Big money, bad science

The title is gruesomely and torturously true of Big Science itself. No explanation needed.

Oddly, the correlation also applies to radio and TV shows about science.

Among discussion-type shows, the elite academic “roundtable” shows and elite quiz shows like Information Please generally spewed old worn-out cliches that had been disproved for many decades. The UFO discussers, distinctly non-elite, got the details of astronomy and physics exactly right. Their speculations may have been right or wrong, but they started from a correct baseline.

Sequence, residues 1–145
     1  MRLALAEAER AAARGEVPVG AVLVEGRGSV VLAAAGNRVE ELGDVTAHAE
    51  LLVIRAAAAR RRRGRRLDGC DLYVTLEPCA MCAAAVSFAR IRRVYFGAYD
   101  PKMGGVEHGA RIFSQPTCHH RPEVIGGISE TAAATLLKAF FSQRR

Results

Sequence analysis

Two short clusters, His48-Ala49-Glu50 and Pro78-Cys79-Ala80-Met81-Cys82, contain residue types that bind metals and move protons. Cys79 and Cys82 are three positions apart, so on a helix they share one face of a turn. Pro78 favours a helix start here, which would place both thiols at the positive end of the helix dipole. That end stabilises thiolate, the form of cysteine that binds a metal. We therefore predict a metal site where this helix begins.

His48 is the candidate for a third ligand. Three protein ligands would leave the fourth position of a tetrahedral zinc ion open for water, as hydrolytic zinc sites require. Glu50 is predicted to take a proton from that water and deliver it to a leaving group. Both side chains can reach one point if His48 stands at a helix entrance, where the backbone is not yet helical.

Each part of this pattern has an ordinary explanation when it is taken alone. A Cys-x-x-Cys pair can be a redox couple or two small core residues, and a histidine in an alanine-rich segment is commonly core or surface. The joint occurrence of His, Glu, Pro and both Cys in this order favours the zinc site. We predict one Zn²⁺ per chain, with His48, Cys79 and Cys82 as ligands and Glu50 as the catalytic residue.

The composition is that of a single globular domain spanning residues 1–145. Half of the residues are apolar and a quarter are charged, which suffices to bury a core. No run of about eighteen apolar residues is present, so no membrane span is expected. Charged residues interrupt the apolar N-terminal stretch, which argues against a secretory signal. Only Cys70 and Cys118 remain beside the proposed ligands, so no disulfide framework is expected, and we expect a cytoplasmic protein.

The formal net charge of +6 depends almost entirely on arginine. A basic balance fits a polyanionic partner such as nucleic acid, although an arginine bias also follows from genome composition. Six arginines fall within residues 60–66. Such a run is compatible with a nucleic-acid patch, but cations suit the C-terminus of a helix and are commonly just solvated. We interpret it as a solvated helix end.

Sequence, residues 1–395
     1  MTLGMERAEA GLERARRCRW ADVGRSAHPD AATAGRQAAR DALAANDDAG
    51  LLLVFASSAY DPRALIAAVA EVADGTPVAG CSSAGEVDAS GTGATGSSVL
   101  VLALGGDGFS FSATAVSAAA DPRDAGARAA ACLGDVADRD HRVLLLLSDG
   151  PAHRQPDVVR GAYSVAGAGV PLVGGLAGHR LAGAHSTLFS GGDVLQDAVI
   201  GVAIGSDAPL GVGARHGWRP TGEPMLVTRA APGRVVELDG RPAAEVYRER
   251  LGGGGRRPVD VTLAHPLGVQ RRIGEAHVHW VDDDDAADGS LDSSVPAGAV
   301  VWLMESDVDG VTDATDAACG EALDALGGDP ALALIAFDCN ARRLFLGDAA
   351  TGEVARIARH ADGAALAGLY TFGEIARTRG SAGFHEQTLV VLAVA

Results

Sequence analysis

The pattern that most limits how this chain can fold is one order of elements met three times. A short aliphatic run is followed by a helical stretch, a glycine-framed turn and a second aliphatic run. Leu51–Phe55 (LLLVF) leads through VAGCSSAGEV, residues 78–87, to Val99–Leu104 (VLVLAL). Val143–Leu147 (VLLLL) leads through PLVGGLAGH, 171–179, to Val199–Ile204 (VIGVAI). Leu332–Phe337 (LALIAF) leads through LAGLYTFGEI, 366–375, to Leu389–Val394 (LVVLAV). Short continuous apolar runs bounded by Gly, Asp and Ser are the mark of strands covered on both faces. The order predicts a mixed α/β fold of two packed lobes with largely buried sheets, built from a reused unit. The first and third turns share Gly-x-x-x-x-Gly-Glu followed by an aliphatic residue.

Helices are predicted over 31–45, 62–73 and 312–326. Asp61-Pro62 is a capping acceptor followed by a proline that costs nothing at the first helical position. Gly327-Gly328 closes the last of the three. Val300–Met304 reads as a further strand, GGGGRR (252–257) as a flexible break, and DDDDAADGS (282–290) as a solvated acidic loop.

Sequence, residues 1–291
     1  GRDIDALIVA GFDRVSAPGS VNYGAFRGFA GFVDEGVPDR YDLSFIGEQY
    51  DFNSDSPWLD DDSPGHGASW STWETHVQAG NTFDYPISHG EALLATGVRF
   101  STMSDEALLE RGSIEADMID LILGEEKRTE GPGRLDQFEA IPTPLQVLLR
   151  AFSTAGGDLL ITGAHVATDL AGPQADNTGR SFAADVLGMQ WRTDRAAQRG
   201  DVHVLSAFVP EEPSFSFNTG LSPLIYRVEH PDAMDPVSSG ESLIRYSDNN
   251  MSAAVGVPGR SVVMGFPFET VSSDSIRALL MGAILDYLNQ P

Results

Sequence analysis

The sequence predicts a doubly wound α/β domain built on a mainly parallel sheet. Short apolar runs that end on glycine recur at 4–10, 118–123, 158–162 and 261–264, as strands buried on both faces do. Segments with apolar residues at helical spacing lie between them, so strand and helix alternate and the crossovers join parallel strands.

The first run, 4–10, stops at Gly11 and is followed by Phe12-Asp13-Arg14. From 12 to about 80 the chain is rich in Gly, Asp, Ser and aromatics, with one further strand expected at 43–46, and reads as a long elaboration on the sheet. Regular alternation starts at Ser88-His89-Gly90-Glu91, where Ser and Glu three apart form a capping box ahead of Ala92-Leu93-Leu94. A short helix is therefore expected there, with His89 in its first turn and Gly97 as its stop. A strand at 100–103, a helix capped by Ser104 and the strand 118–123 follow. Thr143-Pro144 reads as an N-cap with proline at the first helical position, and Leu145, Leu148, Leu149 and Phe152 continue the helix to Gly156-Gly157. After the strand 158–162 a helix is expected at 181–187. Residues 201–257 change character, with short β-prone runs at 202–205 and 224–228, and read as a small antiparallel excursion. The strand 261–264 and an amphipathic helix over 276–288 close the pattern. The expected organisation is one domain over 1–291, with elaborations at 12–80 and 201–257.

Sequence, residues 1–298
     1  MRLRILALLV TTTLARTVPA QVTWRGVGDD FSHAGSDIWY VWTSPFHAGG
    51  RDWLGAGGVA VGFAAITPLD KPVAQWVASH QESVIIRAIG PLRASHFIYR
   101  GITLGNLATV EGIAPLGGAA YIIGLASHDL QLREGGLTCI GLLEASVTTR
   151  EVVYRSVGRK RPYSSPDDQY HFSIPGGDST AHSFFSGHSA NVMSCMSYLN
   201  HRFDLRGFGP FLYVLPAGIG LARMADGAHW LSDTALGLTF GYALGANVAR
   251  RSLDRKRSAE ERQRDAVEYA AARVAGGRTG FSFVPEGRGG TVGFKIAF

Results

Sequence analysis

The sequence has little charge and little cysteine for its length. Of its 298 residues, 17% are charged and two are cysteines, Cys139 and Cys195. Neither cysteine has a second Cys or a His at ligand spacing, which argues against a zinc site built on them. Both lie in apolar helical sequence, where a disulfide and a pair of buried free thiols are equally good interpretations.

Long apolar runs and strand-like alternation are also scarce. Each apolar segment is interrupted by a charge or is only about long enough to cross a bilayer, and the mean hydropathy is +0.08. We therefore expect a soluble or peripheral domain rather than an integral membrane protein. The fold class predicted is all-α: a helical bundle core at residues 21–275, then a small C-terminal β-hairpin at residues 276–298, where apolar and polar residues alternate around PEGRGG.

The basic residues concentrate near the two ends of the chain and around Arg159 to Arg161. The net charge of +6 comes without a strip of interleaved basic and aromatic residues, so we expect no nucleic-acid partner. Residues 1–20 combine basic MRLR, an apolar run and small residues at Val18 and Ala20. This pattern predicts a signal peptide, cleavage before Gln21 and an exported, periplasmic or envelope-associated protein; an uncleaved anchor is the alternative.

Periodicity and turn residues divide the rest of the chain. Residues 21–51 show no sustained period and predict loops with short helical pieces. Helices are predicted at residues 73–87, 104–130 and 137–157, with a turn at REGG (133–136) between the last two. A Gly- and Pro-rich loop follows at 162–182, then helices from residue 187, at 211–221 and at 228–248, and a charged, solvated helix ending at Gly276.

Among sci-fi adventure serials, the low-budget radio shows of the ’30s were careful to state all the known facts correctly, and their fantasies were plausible. The same is true of Space Patrol, the long-running cereal/serial in the ’50s. The sets and effects were super-cheap, crude wooden models and badly painted stage flats. The intro shows a rocket launching amid a cloud of smoke, which is obviously coming from a cigarette in an ashtray.

By contrast the higher-budget Rocket Man movie series, rebranded three or four ways, used real locations and real cars and real equipment, with well-done flying effects; but the basic science was wildly wrong and stupid.

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